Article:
Moving People and Knowledge
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Moving People and Knowledge

Scientific Mobility in an Enlarging European Union

Louise Ackers and Bryony Gill

Moving People and Knowledge provides a fresh examination of the processes of highly skilled science migration. Focusing on intra-European mobility and, in particular, on the new dynamics of East–West migration, the authors investigate the movement of Polish and Bulgarian researchers to and from the UK and Germany. Key questions include: who is moving, how long for, and why? In addressing the motivations and experiences of mobile scientists and their families, insights into professional and personal motivations are provided, demonstrating how relationships, networks and infrastructures shape decision-making. This book provides a useful perspective on the implications of increasing researcher mobility – for both sending and receiving regions and the individuals concerned – which is necessary for the construction of future policies on sustainable scientific development.
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Chapter 7: Brain Gain? Assessing the Value of Scientific Migration to Receiving Countries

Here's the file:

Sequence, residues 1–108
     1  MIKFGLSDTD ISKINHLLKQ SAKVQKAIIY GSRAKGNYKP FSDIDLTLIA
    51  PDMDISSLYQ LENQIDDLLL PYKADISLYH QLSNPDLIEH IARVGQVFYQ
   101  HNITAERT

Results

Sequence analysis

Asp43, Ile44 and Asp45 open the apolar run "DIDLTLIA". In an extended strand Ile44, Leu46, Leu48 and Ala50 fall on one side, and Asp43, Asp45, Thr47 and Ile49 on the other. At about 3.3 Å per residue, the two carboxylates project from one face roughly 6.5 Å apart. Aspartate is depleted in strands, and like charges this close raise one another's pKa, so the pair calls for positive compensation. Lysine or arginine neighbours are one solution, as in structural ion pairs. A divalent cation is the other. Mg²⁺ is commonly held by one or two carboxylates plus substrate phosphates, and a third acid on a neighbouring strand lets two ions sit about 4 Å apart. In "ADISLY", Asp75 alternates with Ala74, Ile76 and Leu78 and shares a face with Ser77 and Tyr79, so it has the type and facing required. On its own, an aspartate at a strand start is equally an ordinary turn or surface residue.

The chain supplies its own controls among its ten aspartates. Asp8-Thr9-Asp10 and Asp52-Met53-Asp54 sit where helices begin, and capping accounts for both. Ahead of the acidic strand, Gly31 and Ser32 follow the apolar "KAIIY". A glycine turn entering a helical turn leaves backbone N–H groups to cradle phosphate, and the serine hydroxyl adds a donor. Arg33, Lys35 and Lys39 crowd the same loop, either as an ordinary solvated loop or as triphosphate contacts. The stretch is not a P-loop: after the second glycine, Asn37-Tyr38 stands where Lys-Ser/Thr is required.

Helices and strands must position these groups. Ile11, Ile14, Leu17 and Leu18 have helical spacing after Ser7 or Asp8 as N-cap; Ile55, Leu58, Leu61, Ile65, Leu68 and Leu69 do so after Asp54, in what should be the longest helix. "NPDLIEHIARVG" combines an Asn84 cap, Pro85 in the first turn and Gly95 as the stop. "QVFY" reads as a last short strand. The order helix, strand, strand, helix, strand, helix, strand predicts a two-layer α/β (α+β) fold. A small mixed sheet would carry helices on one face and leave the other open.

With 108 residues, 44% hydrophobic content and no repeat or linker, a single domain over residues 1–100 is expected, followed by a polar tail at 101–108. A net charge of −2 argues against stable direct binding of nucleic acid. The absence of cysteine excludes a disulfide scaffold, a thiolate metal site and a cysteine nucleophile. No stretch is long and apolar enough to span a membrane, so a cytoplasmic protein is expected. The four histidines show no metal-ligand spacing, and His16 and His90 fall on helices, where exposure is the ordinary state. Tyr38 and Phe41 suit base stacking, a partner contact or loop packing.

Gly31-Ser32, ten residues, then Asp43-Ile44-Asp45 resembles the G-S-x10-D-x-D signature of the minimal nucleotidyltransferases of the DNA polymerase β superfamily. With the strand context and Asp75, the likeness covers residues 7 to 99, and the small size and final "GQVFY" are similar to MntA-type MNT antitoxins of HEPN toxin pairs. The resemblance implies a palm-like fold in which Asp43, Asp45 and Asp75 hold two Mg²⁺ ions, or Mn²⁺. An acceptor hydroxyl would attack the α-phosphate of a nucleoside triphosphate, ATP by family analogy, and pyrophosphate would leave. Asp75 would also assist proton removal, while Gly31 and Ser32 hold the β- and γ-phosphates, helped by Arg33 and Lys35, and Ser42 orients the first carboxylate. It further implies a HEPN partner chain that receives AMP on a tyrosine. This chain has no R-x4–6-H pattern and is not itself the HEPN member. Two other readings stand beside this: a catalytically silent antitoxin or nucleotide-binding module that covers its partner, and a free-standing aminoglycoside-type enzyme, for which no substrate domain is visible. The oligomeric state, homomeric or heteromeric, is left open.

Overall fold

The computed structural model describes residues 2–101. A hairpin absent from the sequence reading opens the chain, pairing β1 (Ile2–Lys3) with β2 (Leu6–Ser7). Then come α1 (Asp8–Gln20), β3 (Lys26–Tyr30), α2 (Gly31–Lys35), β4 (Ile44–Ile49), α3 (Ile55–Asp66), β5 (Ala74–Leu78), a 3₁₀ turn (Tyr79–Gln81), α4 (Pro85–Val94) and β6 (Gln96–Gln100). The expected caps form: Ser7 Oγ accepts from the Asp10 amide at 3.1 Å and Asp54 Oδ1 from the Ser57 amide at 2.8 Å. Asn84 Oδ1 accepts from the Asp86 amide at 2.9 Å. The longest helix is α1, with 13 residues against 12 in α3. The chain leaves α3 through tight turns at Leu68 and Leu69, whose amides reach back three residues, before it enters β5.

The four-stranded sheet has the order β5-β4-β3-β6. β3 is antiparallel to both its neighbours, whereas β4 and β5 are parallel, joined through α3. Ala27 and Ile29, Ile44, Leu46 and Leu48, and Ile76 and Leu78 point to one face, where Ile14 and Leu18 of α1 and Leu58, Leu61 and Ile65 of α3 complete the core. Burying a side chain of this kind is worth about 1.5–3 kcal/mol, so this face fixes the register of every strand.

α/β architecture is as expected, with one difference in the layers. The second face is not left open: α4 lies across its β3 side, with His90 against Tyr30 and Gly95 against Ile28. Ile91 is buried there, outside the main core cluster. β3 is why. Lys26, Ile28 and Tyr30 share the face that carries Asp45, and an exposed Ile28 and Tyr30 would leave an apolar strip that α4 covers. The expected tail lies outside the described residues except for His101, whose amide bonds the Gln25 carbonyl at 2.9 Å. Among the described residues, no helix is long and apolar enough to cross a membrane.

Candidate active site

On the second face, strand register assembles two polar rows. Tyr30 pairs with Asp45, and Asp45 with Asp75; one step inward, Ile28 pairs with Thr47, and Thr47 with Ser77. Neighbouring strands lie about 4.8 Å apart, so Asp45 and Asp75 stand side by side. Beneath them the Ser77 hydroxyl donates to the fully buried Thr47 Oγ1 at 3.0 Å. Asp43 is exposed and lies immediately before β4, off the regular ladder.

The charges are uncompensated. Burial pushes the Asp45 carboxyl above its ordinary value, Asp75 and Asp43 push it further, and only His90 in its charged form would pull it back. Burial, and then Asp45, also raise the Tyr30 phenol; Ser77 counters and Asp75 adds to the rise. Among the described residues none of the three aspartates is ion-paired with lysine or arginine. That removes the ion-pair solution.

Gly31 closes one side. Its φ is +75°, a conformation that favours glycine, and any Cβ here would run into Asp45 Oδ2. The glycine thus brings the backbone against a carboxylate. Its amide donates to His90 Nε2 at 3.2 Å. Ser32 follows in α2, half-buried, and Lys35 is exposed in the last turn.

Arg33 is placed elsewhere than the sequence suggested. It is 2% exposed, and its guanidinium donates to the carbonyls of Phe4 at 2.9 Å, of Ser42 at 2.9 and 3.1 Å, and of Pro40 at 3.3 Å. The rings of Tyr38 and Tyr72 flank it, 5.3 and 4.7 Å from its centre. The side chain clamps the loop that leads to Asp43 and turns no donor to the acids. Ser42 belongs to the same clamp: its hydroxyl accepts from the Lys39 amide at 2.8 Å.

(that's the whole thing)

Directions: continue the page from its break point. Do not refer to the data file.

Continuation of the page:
Louise Ackers and Bryony Gill


7. Brain gain? Assessing the value of scientific migration to receiving countries1 INTRODUCTION The EU is committed to increasing research capacity and sustainability through improved retention and international recruitment (EC, 2001; CEC, 2004). This concern is echoed at national level, with recent policy initiatives focusing on the twin objectives of improving the recruitment and retention of home-grown2 scientists in national labour markets and augmenting this through international recruitment. The received wisdom, implicit in the brain drain debate, suggests that receiving countries are the net beneficiaries of highly skilled migration, capable of skimming the cream of employees in competitive global markets (Williams et al., 2004: 38). Peridy (2006: 6) takes a somewhat broader approach, suggesting that analysis of ‘migration demand, from the host country perspective’ should take account of ‘the needs of the local labour market, the quality of the migrants, the expected welfare effect of migration and possibly the attitude of natives toward immigration’. This chapter uses the UK as a case study to demonstrate the impact of highly skilled migration on receiving countries. It opens with a brief discussion of the importance of international recruitment to meeting skills shortages in academic labour markets. The chapter then moves on to consider whether the ability to recruit from abroad goes beyond simple vacancy-filling to enhance the quality of human capital through improved competition, effectively enabling the receiving countries to pick from the ‘brightest and the best’ as is often suggested.3 In addition to improving the volume...

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